Chapter 4 – Auntie & Uncle Clay

Auntie Margaret was a bit slower to let us kids in the kitchen, preferring the more expert and less messy assistance of my mother. We got shooed outside to ride various toy vehicles; Uncle Clay had a pedal car, a couple tricycles and a contraption called an Irish Mail for us.  We often colored with crayons in the garage. He loved getting us a fresh box of 64 colors! The garage was huge and had a deluxe work bench where Uncle Clay built things, and it was easy enough to color and draw there, but the real reason we were out there is that Auntie Margaret was a neat freak. She kept a spotless house, and ironed sheets and underwear; somehow she had time to do all that despite working at Malone’s Department Store part time.  She also paid us a quarter each visit to not touch the walls! Easy money for us, Diane and I were not in the habit of doing that anyway, but maybe some of our cousins were a bit rowdier.

Uncle Clay, however, was all about spoiling us. Not just with crayons and toys, but he would be out there playing with us. He even let us tie him up with jump ropes for “cowboys and Indians”. When we got a bit bigger, he  bought us Schwinn bicycles. He also sang funny songs to us at bedtime. One of them went something like “where was Googie when the lights went out? Down in the kitchen eating sauerkraut” However, the refrigerator was not stocked with that when we visited, but 3 Musketeers bars, ice cream and Bosco chocolate sauce. Uncle Clay liked his TV sports, especially baseball, but he had a big lounge chair with wide arms, so we could all 3 be in it eating ice cream sundaes. He was a retired fire chief, but had carpentry skills, too, so he was able to help my dad build us a really nice playhouse in our backyard.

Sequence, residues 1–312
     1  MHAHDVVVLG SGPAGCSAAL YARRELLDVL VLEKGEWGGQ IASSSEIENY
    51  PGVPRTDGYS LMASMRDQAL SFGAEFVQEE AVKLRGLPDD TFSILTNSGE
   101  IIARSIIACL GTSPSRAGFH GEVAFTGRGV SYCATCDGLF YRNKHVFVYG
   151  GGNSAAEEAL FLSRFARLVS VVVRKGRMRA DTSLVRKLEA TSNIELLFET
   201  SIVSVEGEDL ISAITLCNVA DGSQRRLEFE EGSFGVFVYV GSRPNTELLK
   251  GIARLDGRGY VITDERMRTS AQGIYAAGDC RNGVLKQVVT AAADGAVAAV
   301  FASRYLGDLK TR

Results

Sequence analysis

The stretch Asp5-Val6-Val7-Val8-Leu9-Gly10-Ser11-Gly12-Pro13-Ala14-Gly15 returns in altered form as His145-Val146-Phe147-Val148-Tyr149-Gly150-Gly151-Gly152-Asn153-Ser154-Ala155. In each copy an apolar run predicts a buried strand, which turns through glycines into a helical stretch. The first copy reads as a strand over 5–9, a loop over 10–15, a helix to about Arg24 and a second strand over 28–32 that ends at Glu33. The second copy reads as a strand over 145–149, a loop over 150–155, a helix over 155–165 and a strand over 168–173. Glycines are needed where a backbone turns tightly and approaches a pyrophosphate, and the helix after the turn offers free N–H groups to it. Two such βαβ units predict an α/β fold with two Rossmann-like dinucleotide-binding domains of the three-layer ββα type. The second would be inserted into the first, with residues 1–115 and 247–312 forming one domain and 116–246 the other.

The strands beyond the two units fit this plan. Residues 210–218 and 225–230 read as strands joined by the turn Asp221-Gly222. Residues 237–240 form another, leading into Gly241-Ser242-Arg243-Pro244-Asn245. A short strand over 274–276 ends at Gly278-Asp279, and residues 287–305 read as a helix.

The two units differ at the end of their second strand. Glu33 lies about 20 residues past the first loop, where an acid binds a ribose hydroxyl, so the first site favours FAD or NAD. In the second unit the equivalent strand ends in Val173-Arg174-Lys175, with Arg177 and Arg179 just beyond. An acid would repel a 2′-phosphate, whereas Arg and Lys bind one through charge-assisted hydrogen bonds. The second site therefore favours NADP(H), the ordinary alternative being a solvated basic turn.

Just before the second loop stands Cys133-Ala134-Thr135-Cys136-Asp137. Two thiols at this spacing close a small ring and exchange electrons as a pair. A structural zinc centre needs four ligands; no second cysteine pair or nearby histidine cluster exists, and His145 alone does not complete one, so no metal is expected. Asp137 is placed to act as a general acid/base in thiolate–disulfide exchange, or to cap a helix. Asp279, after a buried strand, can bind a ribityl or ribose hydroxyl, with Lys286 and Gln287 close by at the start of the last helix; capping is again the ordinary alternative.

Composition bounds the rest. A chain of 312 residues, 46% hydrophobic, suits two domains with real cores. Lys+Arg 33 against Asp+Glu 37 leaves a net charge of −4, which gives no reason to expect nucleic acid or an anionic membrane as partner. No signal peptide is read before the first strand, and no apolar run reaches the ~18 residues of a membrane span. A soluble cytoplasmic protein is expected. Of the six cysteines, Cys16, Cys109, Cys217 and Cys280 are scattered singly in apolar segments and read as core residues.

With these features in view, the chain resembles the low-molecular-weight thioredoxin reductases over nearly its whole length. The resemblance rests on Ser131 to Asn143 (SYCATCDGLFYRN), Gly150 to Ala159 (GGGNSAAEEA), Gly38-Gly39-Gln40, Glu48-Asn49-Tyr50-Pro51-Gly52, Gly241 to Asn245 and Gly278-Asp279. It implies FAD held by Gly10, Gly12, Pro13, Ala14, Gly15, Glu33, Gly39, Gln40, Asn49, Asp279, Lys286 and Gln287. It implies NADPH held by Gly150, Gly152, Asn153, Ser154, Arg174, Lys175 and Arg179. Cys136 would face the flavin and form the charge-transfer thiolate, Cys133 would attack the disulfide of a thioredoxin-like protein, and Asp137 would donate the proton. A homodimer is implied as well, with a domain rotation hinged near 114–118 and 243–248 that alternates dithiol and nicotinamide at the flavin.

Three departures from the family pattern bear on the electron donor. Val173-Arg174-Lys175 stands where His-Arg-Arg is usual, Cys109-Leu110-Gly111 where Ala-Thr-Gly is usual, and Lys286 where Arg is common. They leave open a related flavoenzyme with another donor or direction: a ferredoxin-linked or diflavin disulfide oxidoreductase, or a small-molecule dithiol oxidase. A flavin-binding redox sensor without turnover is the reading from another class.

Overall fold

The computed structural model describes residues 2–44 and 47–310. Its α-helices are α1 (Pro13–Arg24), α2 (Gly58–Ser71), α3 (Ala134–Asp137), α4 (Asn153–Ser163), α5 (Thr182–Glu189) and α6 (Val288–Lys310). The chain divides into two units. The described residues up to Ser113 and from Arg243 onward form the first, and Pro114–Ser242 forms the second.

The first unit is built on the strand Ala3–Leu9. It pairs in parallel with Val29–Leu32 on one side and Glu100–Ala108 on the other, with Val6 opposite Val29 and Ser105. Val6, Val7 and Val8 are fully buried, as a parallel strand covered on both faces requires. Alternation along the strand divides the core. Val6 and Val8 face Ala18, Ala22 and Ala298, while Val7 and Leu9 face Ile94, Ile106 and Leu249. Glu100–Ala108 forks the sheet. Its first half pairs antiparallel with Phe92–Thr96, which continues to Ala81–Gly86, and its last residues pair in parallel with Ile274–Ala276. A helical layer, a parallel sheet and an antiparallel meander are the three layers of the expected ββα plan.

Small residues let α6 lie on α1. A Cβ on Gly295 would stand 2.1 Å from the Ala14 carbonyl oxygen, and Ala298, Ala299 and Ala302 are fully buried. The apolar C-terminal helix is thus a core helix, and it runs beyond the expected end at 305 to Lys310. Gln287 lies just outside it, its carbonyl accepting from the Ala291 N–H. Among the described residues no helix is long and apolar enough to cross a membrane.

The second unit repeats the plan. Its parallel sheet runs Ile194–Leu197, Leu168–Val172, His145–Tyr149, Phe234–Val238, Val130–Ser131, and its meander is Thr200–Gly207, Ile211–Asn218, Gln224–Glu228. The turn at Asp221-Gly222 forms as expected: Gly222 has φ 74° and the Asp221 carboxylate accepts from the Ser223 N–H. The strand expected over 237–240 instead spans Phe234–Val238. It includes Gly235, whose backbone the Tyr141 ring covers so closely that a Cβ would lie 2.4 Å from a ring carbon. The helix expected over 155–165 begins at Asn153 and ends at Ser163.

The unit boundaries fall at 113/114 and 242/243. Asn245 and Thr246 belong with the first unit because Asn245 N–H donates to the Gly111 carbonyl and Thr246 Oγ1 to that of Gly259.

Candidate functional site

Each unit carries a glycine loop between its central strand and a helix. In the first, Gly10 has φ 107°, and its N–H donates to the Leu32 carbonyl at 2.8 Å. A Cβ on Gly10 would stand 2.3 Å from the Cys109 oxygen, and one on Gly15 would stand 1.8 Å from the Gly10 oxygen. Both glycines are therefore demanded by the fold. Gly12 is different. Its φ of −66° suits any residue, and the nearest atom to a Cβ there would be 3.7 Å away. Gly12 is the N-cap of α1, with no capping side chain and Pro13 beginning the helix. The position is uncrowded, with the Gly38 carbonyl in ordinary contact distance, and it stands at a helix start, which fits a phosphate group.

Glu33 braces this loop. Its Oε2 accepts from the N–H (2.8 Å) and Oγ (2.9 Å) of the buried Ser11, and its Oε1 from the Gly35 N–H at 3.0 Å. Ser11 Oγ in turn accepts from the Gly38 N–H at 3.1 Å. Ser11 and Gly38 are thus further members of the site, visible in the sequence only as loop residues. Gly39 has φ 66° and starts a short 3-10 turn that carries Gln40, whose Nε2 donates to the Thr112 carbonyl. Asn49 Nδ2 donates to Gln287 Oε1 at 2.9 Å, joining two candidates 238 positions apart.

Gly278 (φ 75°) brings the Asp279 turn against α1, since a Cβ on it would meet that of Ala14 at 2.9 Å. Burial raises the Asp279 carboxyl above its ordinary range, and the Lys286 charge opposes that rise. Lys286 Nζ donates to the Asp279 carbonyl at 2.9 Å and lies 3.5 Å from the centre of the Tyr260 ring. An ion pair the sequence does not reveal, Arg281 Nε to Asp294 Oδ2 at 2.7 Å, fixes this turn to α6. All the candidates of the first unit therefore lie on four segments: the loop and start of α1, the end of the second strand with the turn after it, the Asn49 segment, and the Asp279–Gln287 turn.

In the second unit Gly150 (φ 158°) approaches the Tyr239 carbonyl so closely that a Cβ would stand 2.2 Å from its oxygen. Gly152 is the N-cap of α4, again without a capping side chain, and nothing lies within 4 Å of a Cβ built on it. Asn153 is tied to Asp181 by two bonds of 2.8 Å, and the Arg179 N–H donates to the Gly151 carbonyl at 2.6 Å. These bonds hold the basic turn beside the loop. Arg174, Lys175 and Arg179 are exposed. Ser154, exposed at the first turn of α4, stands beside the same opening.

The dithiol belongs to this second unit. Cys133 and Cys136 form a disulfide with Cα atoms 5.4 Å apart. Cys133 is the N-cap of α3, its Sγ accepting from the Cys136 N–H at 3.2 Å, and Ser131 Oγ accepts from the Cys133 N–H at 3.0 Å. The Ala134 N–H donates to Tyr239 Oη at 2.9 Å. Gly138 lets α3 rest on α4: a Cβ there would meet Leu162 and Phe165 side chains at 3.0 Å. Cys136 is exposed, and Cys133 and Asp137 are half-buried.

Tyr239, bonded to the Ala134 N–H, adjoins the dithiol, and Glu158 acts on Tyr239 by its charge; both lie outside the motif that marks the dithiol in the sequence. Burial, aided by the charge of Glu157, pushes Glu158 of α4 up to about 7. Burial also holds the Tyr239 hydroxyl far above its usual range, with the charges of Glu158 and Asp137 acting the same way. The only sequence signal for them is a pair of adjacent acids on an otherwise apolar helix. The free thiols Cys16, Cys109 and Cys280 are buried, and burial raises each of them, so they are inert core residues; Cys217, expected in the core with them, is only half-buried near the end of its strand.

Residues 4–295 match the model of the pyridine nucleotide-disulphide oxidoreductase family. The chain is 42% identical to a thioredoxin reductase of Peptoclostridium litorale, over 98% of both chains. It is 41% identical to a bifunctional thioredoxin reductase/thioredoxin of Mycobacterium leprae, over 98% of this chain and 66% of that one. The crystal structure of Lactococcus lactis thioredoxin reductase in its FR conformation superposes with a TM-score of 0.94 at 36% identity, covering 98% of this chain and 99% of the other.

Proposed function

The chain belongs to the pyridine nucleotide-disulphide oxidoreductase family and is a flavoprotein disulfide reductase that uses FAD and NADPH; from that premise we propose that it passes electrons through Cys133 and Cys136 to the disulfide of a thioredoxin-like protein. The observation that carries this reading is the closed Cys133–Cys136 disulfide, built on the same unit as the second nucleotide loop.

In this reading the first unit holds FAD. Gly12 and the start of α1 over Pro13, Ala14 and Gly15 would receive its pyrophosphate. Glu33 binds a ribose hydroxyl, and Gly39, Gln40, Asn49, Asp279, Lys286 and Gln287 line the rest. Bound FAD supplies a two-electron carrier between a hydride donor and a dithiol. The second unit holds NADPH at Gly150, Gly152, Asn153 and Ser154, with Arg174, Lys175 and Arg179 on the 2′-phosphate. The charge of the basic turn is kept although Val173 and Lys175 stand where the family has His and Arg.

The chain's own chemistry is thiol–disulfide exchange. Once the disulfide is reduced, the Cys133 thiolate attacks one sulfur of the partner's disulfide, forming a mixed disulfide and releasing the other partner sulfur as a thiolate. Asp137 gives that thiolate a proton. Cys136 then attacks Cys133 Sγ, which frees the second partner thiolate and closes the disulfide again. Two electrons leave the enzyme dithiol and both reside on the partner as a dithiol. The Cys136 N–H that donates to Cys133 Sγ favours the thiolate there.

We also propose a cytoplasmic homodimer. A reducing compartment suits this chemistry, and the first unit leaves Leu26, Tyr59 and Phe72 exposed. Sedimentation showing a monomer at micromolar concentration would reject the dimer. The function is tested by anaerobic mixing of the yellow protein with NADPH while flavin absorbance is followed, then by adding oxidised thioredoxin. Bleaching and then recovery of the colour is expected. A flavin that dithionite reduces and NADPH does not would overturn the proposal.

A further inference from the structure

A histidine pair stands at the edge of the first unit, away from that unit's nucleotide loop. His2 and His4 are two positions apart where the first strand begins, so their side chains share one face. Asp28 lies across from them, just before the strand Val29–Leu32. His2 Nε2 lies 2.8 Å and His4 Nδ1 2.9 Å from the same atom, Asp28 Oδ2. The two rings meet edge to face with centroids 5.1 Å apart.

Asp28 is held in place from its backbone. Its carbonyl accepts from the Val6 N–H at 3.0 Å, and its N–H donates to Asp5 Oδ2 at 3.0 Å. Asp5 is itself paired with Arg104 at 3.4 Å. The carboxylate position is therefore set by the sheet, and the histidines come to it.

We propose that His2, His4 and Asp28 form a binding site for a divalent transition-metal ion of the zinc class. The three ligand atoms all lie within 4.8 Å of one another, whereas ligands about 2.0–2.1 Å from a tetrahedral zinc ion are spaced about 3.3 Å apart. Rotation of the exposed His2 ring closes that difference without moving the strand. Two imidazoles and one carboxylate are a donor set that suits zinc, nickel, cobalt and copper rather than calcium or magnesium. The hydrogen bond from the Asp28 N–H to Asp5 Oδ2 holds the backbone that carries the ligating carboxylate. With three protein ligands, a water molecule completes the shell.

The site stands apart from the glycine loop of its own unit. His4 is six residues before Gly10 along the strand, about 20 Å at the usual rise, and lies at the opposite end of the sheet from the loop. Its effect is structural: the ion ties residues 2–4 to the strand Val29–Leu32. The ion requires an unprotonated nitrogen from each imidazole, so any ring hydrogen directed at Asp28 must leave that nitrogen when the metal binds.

New Schwinn bikes: me, my dad, Diane & Uncle Clay
New Schwinn bikes: me, my dad, Diane & Uncle Clay

That did not prevent us from enjoying Auntie Margaret’s baking though. There were many excellent pies, cakes and cookies to eat up. A holiday meal at her house might mean 3 different pies, all made by her! Sunday dinners were occasions, too. It was not anything trendy or exotic, mostly roasts with mashed potatoes and gravy, or ham and scalloped potatoes, but everything was cooked to perfection. Eventually, we did get to help with simpler things like shelling peas, or peeling and cutting up apples for applesauce. However, I’d say Auntie Margaret’s biggest influence on my cooking was setting a kind of standard of excellence, that it was something worth doing well and serving in style. Here is one of her most impressive pastries.

Almond Coffee Cake

Recipe by Auntie Margaret (Margaret Lutz Kennedy)

3 coffee cakes, about 18-24 servings

4 cups All purpose flour
2 tablespoon Sugar
1 teaspoon Salt
3/4 pound Butter, cold
1 pkg Yeast
1/4 cup Warm water
1 cup Milk ; cold
1/2 cup Butter, soft
1 cup Sugar
1/2 can Almond filling

Sift flour, sugar and salt together. Cut in first amount of butter.

Dissolve yeast in warm water.  Stir yeast and cold milk into dry ingredients.

Chill at least 2 hours or overnight.

Cream second amount of butter & sugar. Beat in almond filling.

Divide chilled dough into 3 parts. Roll each into a 6″ x 12″ rectangle.

Spread 1/3 of filling mixture down center of each rectangle, and then fold sides over.

With scissors, cut through top layers of dough at 1″ intervals.

Let rise in warm place until nearly double,  1 hour estimate, but will depend on degree of chilling.

Glaze with egg white beaten until frothy before baking.

Bake at 350 for 30-35 min.

Almond Coffee Cake
Almond Coffee Cake
Auntie Margaret, circa 1945
Auntie Margaret, circa 1945

 

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Chapter 4 - Auntie & Uncle Clay by Nicole Marie Masika is licensed under a Creative Commons Attribution-NonCommercial-ShareAlike 4.0 International License, except where otherwise noted.

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